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To: Kellis91789

I find it intriguing as well. It’s going to be expensive for a long time, whereas using a couple of carbon wires and 1.2Volts is already cheap.

Desalination: Energy Hog No More?

http://www.forbes.com/sites/ericagies/2012/05/31/desalination-energy-hog-no-more-part-1/

Copyright Burj Khalifa.

Porifera Inc. – Innovation: Carbon Nanotubes

Desalination has long been the domain of arid, energy-rich states like those in the Persian Gulf thanks to its high-energy footprint. But as populations have boomed, as climate change makes water supplies more uncertain, and as clean water regulations are tightening on industry, more governments and businesses have been looking to desalination.

Efficiency and reallocation are much cheaper and sustainable options for obtaining new water supplies for municipalities. Water reuse in cities is also up and coming, as I will discuss in a future column. But the market to clean industrial wastewater of all kinds is booming.

For all these reasons, innovation in desalination has been continuing apace. At the Blue Tech Forum in San Francisco yesterday, Tyler Algeo, a research analyst at BlueTech Research, said that patents for desalination technologies in 2010 were double the number filed in 2005. Desalination energy inputs have been reduced more than 50 percent in the past decade.

Many entities are interested in these technology breakthroughs, said Algeo: large water technology corporations, venture capital firms, Fortune 500 companies, research groups, consulting engineering practices, and government agencies.

In addition to the Middle East, Australia, Algeria, and Spain now have major desalination programs, he said.

The Forum selected three companies with various approaches to desalination: carbon nanotubes, radial deionization, and biomimetic aquaporin membranes. Today I report highlights from the company that is innovating with carbon nanotubes. Look for the other two technologies in subsequent days.

Porifera Inc. is a two-year-old company based in Hayward, Calif. Vice president of business development, Jeffrey Mendelssohn, said it has achieved a breakthrough in forward osmosis membranes by using carbon nanotubes.

Reverse osmosis is a common filtration technology that uses a pump to push water through a filter. It can be energy intensive, which is why a lot of innovation is happening in forward osmosis.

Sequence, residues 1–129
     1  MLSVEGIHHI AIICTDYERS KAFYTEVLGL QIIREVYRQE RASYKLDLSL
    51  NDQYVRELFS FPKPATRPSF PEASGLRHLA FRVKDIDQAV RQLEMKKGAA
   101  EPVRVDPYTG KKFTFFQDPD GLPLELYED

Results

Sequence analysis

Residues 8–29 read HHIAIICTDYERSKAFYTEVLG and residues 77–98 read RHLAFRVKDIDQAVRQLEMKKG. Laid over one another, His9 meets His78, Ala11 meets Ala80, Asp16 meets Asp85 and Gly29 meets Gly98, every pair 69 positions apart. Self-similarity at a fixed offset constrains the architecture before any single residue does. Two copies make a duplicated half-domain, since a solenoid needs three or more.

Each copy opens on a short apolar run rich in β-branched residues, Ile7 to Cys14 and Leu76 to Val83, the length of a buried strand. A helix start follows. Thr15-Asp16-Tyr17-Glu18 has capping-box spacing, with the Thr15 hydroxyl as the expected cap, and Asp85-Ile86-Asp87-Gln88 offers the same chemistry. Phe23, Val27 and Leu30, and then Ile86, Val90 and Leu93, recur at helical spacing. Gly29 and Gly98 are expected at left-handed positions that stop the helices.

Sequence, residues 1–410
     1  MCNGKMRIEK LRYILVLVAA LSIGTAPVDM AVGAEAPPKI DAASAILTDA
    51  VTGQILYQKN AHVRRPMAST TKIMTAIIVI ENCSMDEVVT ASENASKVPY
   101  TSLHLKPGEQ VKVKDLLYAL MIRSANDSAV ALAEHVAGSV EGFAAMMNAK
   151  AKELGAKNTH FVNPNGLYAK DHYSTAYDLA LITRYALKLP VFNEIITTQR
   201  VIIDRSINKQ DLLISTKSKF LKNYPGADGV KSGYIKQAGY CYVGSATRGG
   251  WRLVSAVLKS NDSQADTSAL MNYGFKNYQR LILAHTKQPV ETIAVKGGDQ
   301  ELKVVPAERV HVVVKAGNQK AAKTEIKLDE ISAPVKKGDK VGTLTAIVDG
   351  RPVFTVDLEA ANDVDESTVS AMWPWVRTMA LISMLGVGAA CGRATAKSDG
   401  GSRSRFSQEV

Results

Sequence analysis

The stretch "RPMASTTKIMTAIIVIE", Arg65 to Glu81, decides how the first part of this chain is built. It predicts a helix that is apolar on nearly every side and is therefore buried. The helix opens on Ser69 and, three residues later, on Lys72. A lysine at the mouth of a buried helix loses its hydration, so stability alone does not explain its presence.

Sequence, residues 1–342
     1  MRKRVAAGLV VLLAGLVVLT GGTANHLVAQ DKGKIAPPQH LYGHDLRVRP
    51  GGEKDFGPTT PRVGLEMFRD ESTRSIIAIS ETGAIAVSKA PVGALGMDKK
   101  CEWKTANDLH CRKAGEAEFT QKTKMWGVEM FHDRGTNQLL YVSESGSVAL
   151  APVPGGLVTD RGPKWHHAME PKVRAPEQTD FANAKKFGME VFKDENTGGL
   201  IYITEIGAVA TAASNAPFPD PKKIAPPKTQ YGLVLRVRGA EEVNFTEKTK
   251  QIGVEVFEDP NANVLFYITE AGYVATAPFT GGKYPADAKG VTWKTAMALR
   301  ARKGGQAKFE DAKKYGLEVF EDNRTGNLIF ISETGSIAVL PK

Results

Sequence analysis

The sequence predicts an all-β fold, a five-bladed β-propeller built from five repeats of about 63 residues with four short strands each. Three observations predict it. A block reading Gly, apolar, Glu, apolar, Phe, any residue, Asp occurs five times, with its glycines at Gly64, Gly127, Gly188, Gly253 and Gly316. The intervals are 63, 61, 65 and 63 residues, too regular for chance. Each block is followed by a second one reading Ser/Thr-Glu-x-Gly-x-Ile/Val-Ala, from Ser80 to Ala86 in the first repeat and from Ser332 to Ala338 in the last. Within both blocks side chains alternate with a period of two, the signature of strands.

Forward osmosis uses the thermodynamic law of entropy to separate solids from a fluid. Using a vessel separated into two compartments by a membrane filter, you put a dirty liquid on one side and clean water on the other. The water passes through the membrane until the percentage of solids on both sides is the same.

“Forward osmosis works better in high fouling environments [severely contaminated water] much better than pressure-driven membrane processes [reverse osmosis] because particulate matter in high fouling environments will scrunch up against the membrane under pressure and cause membrane performance to fail,” said Mendelssohn.

Porifera’s membrane isn’t just for desal, although Mendelssohn claims that it can perform salt rejection 10 times better than existing forward-osmosis processes. The company claims it has superior permeability, durability, and selectivity for water purification to other membranes. This innovation was reported in Science magazine in 2006 and was discovered at the Lawrence Livermore National Laboratory by a group of scientists led by Porifera’s principal R&D team.

From its website:

Carbon nanotubes are seamless, atomically smooth carbon “straws” whose diameters range from less than a nanometer to tens of nanometers (a water molecule is ~0.3nm). Water flows through these unique pores 1,000 times faster than through any other pore of similar diameter. Moreover, gases also flow through the nanotubes pores more than 100 times faster than through any other nanometer scale pore. This reduction in flow resistance manifests itself in large enhancements of the membrane permeability and in drastic reduction of viscous losses.

Other applications include dewatering and water treatment of all kinds.

Markets include the Department of Defense, said Mendelssohn, which needs portable on-site desalination to reduce the number of water and fuel resupply convoys in Afghanistan.

The developing world is also a potent marketplace. Dubai’s famous Burj Khalifa skyscraper has no wastewater service, said Mendelssohn, like many newly developed areas of the city. Instead, tanker trucks remove sewage regularly. By installing an on-site water treatment and reuse facility, Porifera could reduce those truck trips by 90 percent, said Mendelssohn.

On the domestic market, the company could clean water from oil and gas hydrofracking at half the cost of current forward osmosis systems and also recycle the water for reuse onsite, said Mendelssohn.

Commercial elements will begin shipping in July, he said.


39 posted on 06/11/2012 10:57:18 AM PDT by Kevmo (SUCINOFRAGOPWIASS: Shut Up, CINOs; Free Republic Aint a GOP Website. It's A Socon Site.)
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To: Kevmo
Forward osmosis uses the thermodynamic law of entropy to separate solids from a fluid. Using a vessel separated into two compartments by a membrane filter, you put a dirty liquid on one side and clean water on the other. The water passes through the membrane until the percentage of solids on both sides is the same.